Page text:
I was asked in an interview a few years ago if I’d ever try bike packing, or long distance races. Up until that moment, I hadn’t really considered it. Bike packing was just something that existed, but hadn’t really made it to my attention. Suddenly, I was seeing bike packing adventures everywhere. From Scotland to New Zealand. From around the world trips to Lands End John O’Groats.
The seeds were planted.
Last summer I decided that I wanted to try to ride Jotunheimstien; a singletrack created by hikers from Oslo to Gjendesheim in the Jotumheimen mountains. It’s a 322.4km trek, passing few civilisations on the way. It would be an entirely self supported trip. And one not attempted by bike before (as it would turn out, there’s a good reason for that!).
August 2016 was decided upon to be the month to try it. A few weeks before we settled on a date to start, and we were limited in that we had to be back at home by Tuesday evening. 4 days. That’s all. Do some quick math and it’s roughly 80km per day. On singletrack. Rocky, rooty, technical, physical singletrack.
A few days before our planned departure, we filled the spare room with kit and tools. Raiding the local sports shop, we topped up the room with compact sleeping bags, air mattresses, food, and waterproof kit.
The first task was setting aside the ‘essentials’, the ‘maybe’ and the ‘unnecessary pieces of kit. I detest being cold, so naturally 4 wool thermals made it to my essential pile. One change of bike kit, spare socks (times 4), undies, warm clothes, waterproofs for riding, and waterproofs for not riding, thermals to sleep in and a down jacket were also added.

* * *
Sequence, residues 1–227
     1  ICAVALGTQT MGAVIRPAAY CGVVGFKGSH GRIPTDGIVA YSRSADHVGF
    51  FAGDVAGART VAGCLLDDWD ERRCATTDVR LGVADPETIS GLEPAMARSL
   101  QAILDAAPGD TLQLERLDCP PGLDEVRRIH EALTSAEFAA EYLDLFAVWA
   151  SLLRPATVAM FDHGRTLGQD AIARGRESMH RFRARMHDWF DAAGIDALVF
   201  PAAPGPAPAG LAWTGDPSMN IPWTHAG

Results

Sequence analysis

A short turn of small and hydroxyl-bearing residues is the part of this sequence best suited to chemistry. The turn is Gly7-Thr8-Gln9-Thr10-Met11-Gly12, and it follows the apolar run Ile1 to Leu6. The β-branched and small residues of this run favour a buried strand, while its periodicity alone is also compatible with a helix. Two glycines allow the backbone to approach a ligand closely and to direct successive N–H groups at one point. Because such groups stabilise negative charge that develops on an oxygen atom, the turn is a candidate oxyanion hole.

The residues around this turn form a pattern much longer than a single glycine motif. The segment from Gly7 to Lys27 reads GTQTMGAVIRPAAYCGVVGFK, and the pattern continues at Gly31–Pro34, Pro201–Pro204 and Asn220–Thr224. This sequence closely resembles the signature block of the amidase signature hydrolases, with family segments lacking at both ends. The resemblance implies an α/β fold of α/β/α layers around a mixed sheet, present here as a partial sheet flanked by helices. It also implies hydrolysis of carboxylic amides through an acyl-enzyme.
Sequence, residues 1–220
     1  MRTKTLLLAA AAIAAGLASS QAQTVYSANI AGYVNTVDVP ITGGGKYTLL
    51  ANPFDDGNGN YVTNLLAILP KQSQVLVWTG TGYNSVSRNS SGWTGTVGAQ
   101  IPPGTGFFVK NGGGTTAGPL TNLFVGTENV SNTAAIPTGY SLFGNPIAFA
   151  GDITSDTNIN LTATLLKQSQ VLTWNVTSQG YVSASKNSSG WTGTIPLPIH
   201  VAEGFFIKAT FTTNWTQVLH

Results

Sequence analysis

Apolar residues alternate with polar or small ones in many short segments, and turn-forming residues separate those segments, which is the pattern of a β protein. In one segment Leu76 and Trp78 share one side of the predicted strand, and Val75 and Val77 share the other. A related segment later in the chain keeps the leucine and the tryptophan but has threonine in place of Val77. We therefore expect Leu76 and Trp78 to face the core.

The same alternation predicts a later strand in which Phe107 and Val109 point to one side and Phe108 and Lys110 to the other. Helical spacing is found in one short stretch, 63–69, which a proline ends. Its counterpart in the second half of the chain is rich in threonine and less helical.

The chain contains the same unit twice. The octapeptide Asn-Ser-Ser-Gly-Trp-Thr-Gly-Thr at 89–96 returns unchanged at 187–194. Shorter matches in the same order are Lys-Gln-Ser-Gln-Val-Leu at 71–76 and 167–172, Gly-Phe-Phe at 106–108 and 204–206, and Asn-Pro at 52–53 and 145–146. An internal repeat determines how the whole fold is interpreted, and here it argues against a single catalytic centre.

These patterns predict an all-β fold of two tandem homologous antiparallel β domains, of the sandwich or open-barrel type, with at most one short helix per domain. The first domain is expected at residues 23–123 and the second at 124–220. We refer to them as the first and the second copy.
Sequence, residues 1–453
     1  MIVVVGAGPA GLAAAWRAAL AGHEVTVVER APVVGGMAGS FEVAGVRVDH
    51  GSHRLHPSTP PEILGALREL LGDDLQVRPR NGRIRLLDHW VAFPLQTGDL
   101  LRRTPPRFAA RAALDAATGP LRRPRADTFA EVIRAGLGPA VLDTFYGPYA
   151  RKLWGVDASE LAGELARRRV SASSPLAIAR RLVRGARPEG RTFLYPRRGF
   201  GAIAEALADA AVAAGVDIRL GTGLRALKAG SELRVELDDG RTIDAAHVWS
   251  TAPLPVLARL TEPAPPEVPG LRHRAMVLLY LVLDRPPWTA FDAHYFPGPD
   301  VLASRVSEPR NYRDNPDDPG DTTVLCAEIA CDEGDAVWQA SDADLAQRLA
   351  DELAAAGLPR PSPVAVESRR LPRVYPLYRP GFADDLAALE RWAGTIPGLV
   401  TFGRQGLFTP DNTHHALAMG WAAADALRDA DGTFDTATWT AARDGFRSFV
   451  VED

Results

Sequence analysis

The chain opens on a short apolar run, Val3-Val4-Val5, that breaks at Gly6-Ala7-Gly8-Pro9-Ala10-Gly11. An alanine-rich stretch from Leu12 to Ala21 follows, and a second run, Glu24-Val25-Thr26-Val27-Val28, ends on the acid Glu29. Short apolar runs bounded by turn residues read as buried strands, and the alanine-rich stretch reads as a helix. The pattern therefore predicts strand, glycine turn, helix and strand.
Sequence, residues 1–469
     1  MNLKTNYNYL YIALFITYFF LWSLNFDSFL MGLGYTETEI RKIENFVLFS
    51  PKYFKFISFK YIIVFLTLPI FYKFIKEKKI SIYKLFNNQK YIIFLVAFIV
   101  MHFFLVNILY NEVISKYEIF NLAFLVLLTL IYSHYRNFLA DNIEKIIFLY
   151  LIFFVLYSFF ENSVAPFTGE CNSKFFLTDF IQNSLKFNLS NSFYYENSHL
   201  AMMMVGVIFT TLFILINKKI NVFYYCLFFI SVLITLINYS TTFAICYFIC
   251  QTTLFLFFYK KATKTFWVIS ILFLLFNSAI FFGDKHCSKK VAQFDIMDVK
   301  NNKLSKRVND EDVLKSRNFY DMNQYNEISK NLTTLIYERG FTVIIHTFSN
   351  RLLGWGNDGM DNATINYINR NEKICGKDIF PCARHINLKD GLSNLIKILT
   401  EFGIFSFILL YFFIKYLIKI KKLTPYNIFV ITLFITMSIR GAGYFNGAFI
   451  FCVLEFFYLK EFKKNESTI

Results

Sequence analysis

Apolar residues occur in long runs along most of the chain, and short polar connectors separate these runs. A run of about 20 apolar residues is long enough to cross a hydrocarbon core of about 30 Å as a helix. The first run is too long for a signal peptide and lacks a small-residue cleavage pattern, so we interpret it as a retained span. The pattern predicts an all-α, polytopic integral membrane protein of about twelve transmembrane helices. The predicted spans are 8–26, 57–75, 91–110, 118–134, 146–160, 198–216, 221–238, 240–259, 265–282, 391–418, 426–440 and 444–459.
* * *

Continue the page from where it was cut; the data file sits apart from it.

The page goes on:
Our sleeping bags were compact; mine filled with down and comfortable down to 0c. The air mattresses were very small when folded down, but immensely comfy when blown up. Most of all, I looked forward to eating the dehydrated food: reindeer stew, chicken tikka masala, pasta bolgnese.
We put the heaviest items into the frame bag. Our clothes went into the large saddle bag. My bike then held the tent and sleeping bags on the front, while HJ used a handlebar bag filled with food.
And we had alot of food! 2x warm meals per day, porridge, dried fruit, cake, chocolate, bread, cheese, ham, jam, nutella. The list was endless. But then again, HJ eats a lot. Neither of us wanted to get hangry and snappy. We wanted to enjoy the trip and take pleasure in the forests we pedalled through, rather than deal with rumbling stomachs and low blood sugar. On the downside, it did make the bikes rather heavy.
With bikes packed, the weather forecast still looking mighty fine and alarms set for 4am, we were ready and excited for our trip to begin…